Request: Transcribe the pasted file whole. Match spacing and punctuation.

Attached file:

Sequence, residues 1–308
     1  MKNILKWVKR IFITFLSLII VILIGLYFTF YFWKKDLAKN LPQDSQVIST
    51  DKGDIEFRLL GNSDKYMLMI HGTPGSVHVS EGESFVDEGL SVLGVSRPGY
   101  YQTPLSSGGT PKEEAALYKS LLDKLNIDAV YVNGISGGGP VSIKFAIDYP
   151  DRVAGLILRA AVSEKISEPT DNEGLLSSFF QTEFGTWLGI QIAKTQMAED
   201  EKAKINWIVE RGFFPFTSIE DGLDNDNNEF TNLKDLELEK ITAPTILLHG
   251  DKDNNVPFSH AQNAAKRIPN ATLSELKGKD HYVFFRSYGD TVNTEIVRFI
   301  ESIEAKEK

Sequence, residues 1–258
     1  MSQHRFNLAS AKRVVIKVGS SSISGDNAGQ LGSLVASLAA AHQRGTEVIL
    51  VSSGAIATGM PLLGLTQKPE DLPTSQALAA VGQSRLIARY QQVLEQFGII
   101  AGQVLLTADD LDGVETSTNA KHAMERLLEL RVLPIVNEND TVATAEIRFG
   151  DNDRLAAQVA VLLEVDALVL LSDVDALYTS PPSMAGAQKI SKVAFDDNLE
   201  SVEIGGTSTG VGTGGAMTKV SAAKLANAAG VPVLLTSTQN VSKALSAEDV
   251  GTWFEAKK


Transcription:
Sequence, residues 1–308
     1  MKNILKWVKR IFITFLSLII VILIGLYFTF YFWKKDLAKN LPQDSQVIST
    51  DKGDIEFRLL GNSDKYMLMI HGTPGSVHVS EGESFVDEGL SVLGVSRPGY
   101  YQTPLSSGGT PKEEAALYKS LLDKLNIDAV YVNGISGGGP VSIKFAIDYP
   151  DRVAGLILRA AVSEKISEPT DNEGLLSSFF QTEFGTWLGI QIAKTQMAED
   201  EKAKINWIVE RGFFPFTSIE DGLDNDNNEF TNLKDLELEK ITAPTILLHG
   251  DKDNNVPFSH AQNAAKRIPN ATLSELKGKD HYVFFRSYGD TVNTEIVRFI
   301  ESIEAKEK

Sequence, residues 1–258
     1  MSQHRFNLAS AKRVVIKVGS SSISGDNAGQ LGSLVASLAA AHQRGTEVIL
    51  VSSGAIATGM PLLGLTQKPE DLPTSQALAA VGQSRLIARY QQVLEQFGII
   101  AGQVLLTADD LDGVETSTNA KHAMERLLEL RVLPIVNEND TVATAEIRFG
   151  DNDRLAAQVA VLLEVDALVL LSDVDALYTS PPSMAGAQKI SKVAFDDNLE
   201  SVEIGGTSTG VGTGGAMTKV SAAKLANAAG VPVLLTSTQN VSKALSAEDV
   251  GTWFEAKK